From 1969 until 1974, Posada worked for Venezuela's security forces, the DISIP. He is alleged to have overseen serious human rights abuses targeting left-wing activists. During this time, the article explained, he continued his cooperation with the CIA. A May 11 Bolivarian News Agency quoted the testimony of Venezuelan victims of torture allegedly ordered by Posada during his reign as DISIP's director. One victim was Brenda Esquivel, who said that in 1972, her partner and children were killed by DISIP. She was eight months' pregnant at the time and on Posada's orders, one of her captors kicked her in the stomach, causing a misscarriage.

According to GlobalResearch.cu, just two weeks before the 1976 bombing of Cubana Flight 455, Posada was involved in a Washington DC car-bombing that killed former Chilean foreign minister Orlando Letelier and his US aide. Letelier had been in exile after the left-wing government of Salvador Allende was overthrown by a US-backed military coup in 1973.

In the aftermath of the plane bombing, two Venezuelan citizens employed by Posada's private detective agency confessed to the crime. Declassified CIA documents, available at the National Security Archive (), reveal that the agency had both evidence linking Posada to the bombing and advance warning of the attack. Posada was arrested by Venezuelan authorities for his involvement, however he escaped from prison in 1985 while awaiting trial.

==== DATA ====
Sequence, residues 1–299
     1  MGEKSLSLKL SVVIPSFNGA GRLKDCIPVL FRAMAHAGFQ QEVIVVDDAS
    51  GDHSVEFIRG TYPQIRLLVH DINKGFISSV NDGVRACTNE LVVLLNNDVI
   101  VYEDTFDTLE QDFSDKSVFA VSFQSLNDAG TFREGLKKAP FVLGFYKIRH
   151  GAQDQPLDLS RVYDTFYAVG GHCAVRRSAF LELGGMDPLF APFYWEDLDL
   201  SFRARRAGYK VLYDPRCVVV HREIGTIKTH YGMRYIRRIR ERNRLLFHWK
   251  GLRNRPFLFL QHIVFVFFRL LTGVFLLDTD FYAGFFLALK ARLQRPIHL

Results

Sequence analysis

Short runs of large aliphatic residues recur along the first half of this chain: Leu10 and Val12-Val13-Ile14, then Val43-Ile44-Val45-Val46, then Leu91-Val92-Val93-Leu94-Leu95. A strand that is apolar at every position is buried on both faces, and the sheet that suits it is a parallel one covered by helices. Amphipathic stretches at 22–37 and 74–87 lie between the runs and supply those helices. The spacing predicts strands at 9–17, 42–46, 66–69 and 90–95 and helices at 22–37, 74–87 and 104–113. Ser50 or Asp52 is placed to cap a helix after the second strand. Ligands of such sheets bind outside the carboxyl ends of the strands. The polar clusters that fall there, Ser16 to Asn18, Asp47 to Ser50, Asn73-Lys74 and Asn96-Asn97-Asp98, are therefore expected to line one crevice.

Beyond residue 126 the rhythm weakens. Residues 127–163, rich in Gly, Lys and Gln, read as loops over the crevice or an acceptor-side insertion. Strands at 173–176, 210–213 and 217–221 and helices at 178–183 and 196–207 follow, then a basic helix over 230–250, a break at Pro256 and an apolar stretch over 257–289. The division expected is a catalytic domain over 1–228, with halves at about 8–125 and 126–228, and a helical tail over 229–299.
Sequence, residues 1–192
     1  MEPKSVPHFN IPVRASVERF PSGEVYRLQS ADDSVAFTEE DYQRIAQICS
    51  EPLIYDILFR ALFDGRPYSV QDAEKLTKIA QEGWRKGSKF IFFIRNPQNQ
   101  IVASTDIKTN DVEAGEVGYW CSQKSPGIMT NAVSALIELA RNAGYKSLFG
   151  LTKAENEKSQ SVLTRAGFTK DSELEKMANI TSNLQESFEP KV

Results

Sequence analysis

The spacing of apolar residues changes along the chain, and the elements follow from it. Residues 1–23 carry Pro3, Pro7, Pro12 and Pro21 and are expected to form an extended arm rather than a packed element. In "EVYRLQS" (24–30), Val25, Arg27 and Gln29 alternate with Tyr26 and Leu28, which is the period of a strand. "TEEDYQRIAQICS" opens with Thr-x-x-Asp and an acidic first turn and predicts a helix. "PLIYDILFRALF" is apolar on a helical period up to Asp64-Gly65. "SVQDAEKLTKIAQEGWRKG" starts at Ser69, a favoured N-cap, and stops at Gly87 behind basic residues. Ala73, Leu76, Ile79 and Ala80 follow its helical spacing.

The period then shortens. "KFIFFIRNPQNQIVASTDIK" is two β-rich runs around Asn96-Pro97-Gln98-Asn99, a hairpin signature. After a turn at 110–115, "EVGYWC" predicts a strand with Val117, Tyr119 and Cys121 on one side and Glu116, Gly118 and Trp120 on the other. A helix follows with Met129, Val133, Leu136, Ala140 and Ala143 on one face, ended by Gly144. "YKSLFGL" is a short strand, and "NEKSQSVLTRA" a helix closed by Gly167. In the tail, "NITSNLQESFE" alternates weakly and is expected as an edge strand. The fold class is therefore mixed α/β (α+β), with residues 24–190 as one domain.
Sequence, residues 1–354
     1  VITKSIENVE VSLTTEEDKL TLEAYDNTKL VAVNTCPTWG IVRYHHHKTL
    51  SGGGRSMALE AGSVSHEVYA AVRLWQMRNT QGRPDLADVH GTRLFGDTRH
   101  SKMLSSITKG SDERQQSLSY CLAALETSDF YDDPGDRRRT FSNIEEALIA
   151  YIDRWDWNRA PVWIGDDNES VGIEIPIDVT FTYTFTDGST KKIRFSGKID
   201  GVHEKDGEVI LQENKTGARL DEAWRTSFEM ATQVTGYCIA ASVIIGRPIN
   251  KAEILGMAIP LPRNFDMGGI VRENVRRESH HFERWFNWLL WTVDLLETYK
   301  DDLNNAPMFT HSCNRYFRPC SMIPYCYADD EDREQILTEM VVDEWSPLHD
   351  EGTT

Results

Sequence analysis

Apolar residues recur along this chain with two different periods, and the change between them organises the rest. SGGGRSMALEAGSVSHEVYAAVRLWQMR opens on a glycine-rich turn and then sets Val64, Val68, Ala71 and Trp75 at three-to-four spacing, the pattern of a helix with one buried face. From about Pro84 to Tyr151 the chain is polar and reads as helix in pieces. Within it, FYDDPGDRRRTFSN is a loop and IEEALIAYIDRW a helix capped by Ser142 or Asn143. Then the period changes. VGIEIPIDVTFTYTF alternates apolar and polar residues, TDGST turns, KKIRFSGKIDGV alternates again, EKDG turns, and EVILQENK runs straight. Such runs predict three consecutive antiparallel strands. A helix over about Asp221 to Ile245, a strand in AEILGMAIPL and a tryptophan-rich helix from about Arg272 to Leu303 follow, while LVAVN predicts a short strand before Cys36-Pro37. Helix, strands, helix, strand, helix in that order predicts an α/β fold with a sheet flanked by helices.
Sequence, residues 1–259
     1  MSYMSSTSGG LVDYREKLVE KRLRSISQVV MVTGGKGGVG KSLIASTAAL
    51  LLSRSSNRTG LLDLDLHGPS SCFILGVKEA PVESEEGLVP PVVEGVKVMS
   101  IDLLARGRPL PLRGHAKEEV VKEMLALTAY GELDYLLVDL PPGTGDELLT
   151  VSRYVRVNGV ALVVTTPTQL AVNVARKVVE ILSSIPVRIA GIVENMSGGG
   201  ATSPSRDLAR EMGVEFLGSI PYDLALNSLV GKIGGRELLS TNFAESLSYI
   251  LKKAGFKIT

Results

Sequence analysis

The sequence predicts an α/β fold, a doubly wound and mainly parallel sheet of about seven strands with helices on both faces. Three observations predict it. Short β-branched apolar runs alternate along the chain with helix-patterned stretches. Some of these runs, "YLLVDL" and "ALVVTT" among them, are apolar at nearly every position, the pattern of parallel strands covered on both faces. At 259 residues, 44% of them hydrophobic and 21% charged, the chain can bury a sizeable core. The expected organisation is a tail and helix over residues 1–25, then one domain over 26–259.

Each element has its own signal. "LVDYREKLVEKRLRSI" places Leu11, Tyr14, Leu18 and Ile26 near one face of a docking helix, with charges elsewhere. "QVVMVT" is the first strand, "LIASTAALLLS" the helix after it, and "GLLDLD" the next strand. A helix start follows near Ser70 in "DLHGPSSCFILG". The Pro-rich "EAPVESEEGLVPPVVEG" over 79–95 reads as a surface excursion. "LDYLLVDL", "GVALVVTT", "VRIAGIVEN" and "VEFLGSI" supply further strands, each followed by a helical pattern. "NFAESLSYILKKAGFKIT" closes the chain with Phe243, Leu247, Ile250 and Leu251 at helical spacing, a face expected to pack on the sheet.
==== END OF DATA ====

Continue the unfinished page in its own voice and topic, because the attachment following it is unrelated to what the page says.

Posada has been implicated in terrorist attacks against Nicaragua during the 1980s as part of the US-backed counter-revolutionary war against the left-wing Sandinista government. He was also involved in "Operation Condor", through which South American military dictatorships conspired to physically exterminate left-wing opponents.

In 1997, Posada was implicated in a fresh wave of bombings in Cuba, killing an Italian businessperson. In an interview with the New York Times, published on July 12, 1998, Posada admitted his involvement, stating: "It is sad that someone is dead, but we can't stop." Posada said the US-government-funded Cuban American National Foundation (CANF), was involved in the terror campaign.